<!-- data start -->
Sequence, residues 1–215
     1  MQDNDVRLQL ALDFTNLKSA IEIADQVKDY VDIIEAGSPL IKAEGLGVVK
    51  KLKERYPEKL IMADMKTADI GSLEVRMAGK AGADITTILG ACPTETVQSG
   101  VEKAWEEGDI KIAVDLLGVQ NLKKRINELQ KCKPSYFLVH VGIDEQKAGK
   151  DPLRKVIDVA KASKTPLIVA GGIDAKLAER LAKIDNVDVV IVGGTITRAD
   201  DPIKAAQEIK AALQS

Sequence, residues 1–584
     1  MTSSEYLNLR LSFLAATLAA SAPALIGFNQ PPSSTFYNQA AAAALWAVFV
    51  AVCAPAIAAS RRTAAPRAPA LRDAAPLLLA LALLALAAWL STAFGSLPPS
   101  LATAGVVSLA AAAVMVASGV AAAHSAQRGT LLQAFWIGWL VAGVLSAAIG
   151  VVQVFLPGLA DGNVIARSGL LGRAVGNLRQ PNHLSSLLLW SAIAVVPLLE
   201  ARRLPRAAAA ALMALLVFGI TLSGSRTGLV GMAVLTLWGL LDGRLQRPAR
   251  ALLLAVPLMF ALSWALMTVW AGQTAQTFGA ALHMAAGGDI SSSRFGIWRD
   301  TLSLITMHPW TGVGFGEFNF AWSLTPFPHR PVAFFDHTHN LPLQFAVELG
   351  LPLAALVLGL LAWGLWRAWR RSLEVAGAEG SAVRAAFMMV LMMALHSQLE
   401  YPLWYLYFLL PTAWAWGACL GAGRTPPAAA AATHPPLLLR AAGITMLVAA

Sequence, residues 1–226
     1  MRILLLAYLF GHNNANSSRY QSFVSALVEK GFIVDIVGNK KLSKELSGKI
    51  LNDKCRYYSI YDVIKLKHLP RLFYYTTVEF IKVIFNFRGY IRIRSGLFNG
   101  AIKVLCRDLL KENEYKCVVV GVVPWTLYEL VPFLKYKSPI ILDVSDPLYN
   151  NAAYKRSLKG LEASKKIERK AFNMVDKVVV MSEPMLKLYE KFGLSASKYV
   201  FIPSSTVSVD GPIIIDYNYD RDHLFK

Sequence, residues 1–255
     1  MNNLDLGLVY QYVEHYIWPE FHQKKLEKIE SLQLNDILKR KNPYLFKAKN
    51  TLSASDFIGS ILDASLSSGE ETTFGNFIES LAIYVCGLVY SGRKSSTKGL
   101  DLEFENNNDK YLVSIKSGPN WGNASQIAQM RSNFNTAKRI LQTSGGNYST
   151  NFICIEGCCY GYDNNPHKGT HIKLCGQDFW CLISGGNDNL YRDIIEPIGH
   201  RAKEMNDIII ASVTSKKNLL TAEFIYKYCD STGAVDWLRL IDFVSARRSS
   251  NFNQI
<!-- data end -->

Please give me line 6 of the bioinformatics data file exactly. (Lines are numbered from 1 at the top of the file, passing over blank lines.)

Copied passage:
   201  DPIKAAQEIK AALQS